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Author: Deanna Kepka, PhD
What is your experience as a human papillomavirus (HPV) vaccine and cancer prevention researcher?
In my role as an HPV vaccine and cancer prevention researcher at Huntsman Cancer Institute at the University of Utah (the U), an associate professor in the College of Nursing at the U, and the director of Global Health Program, I have worked to improve HPV vaccination locally and globally for 15 years. Cancer prevention through vaccination is my passion. My love for global health was born when I worked for a HIV/AIDS nongovernmental organization in Jamaica as a Peace Corps volunteer in my early 20s.
What was the purpose of your visit to Uganda?
Cervical cancer is the most frequent cancer among women in Uganda. With a population of more than 12 million women, about 5,000 women die from cervical cancer each year.
I went to Kampala, Uganda to partner with my colleagues, Schola Matovu, PhD, and Debra Penney, PhD, on an HPV vaccination and cancer prevention workshop for nursing, medical, and health students at Clarke International University.
Dr. Matovu is an assistant professor in the College of Nursing at the U and is completing a Fogarty Award in Uganda. Her foundational research explores the experiences and emotional well-being of grandparents who care for their grandchildren affected by HIV/AIDS in Uganda. Her research involves interviews and discussions with community members to inform the development of a program that supports Ugandan grandmothers. This program aims to help them become financially independent, receive peer-to-peer support, and improve their overall health. This workshop builds on this research.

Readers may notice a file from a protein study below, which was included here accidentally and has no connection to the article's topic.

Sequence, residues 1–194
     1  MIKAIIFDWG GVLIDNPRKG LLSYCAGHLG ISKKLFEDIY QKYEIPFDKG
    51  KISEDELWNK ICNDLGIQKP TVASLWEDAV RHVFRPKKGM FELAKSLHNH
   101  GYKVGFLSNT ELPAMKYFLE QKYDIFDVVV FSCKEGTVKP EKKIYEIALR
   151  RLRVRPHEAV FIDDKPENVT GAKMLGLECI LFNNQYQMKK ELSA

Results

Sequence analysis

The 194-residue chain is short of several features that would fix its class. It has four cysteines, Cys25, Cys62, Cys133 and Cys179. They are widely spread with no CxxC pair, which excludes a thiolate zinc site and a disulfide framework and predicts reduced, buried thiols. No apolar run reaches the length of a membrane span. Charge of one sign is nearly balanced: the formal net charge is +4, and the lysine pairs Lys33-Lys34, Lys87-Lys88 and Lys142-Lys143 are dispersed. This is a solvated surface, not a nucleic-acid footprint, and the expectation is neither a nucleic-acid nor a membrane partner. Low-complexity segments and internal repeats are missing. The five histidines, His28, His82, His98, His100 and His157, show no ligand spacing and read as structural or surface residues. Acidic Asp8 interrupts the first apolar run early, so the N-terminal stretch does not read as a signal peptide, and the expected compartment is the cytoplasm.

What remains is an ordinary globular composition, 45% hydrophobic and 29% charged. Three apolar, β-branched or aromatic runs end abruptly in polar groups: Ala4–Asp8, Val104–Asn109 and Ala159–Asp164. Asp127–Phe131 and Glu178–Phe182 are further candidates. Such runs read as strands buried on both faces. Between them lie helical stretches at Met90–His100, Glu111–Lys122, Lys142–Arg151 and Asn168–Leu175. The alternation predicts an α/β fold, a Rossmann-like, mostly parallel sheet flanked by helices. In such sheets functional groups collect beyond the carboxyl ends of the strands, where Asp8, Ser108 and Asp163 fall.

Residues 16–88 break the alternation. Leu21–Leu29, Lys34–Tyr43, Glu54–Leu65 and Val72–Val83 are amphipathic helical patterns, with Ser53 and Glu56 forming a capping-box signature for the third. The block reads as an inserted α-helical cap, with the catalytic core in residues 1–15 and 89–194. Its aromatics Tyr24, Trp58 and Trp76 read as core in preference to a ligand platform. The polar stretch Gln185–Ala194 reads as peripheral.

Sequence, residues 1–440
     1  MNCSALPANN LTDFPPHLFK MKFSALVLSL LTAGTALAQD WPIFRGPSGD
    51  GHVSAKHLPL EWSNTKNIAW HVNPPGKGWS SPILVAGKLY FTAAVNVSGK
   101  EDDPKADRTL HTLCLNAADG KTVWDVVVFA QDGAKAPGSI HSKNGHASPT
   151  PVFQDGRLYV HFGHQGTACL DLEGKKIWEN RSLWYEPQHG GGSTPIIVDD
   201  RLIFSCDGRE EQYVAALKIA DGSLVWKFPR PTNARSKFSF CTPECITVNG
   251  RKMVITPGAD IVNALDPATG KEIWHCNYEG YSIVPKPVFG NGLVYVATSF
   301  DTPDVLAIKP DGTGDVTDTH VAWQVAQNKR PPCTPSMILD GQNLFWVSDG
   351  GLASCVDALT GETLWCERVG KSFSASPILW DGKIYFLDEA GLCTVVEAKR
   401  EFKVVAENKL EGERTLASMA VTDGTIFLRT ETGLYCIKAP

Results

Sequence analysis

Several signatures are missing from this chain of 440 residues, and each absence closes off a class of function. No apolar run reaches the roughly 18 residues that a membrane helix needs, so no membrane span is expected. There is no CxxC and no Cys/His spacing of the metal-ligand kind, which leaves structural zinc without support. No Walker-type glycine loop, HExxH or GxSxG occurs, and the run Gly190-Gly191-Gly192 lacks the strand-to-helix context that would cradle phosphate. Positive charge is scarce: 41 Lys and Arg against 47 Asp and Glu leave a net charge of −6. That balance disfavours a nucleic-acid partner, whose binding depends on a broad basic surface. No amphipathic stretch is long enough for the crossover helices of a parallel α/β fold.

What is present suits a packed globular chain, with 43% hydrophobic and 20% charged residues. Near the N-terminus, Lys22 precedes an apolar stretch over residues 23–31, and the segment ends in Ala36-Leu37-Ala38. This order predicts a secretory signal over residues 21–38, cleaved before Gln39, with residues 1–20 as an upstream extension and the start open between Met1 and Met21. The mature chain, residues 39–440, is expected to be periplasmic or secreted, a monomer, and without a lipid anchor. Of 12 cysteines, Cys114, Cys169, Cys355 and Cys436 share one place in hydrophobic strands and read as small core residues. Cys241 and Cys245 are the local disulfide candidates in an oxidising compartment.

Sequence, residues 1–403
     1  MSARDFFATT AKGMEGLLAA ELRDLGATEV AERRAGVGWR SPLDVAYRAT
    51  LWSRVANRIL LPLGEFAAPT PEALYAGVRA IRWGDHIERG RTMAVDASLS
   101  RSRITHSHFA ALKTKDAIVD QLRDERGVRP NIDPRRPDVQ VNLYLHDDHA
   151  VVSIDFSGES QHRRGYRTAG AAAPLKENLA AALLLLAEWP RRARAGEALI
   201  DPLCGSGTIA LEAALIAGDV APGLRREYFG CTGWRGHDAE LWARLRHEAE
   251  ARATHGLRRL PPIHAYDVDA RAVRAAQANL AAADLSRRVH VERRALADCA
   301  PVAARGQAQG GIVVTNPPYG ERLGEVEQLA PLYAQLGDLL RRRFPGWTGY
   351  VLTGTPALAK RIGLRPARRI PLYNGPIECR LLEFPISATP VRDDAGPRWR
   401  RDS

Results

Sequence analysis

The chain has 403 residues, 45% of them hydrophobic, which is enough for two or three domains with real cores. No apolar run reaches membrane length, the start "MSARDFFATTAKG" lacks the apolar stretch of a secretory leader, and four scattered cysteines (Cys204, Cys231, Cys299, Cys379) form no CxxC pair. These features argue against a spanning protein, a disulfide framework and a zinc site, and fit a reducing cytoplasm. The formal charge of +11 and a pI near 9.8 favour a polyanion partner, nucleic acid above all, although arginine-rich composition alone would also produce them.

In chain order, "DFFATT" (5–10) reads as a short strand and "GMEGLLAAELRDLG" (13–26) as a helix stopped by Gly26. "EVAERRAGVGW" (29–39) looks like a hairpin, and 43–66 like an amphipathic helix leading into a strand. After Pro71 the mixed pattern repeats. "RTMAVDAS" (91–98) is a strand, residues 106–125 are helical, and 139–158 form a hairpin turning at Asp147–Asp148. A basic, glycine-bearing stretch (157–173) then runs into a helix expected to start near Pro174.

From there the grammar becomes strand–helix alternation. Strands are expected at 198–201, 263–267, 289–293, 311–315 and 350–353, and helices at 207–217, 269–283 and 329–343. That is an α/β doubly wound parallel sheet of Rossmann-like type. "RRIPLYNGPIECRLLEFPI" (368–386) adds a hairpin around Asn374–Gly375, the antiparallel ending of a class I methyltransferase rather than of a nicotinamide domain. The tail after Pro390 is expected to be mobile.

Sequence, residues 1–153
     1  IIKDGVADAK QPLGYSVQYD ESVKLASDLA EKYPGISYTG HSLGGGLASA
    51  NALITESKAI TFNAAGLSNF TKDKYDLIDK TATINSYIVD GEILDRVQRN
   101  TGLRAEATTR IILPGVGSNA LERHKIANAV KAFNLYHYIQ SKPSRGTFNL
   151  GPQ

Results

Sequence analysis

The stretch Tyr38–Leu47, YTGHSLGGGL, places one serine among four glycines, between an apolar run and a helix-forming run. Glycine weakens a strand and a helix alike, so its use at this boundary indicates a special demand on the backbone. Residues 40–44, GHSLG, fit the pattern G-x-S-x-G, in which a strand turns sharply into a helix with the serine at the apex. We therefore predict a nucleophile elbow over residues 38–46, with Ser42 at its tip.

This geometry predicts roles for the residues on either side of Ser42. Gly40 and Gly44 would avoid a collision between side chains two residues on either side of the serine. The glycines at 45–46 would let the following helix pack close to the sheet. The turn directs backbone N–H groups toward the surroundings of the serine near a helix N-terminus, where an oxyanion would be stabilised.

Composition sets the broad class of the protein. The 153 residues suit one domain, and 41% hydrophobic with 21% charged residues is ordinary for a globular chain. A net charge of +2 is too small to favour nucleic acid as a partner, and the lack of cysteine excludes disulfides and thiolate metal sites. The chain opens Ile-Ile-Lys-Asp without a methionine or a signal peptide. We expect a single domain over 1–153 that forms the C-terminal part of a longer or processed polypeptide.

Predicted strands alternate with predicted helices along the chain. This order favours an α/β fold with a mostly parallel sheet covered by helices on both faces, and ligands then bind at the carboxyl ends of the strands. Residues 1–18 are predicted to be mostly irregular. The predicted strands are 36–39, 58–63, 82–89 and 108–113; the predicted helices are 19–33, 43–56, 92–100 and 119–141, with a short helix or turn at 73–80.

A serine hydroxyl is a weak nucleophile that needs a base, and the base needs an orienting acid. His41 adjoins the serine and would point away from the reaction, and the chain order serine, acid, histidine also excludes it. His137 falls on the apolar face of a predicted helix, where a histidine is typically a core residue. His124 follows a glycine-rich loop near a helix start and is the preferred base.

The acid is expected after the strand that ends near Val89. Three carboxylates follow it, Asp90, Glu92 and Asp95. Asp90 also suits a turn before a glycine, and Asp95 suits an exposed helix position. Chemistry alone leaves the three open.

What are the key findings from the workshop?
Our workshop had a total of 65 participants and three staff members. Together, we learned about similar barriers to timely cervical cancer screening and prevention services faced by women in Uganda and those in rural communities in the United States. Throughout the training, the Clarke International University students were engaging, thoughtful, and inspiring. I enjoyed working together and look forward to working with them again.
Our post-training survey included 49 respondents where we learned these takeaways:
- Nearly 7 in 10 identified as women.
- About 7 in 10 were students.
- Respondents ranged from 20-46 years old. The average age was 27.8.
- Of respondents who identified as women, about 60% never received a pap smear.
- About 3 in 4 had never received an HPV vaccine.
- Out of the respondents, about 1 in 5 have a daughter between the ages of 11-17. Among these daughters, 22% have not received an HPV vaccine.
- All 49 of the respondents believed the training to be relevant to their academic knowledge and professional development.
Why is HPV awareness important?
HPV is the most common sexually transmitted infection in the world. Nearly all of us have had it or will have it. Enhancing HPV screening and HPV vaccination efforts for children means we can prevent cervical and other HPV-related cancers in all people. This approach safeguards people’s private area and protects against oral cavity and throat cancers. Awareness also helps remove the stigma that surrounds HPV.
What can people do help promote HPV awareness?
- Promote HPV vaccines for children.
- Advocate for HPV cervical cancer screening for persons with a cervix.
- Raise awareness to remove the stigma that surrounds HPV.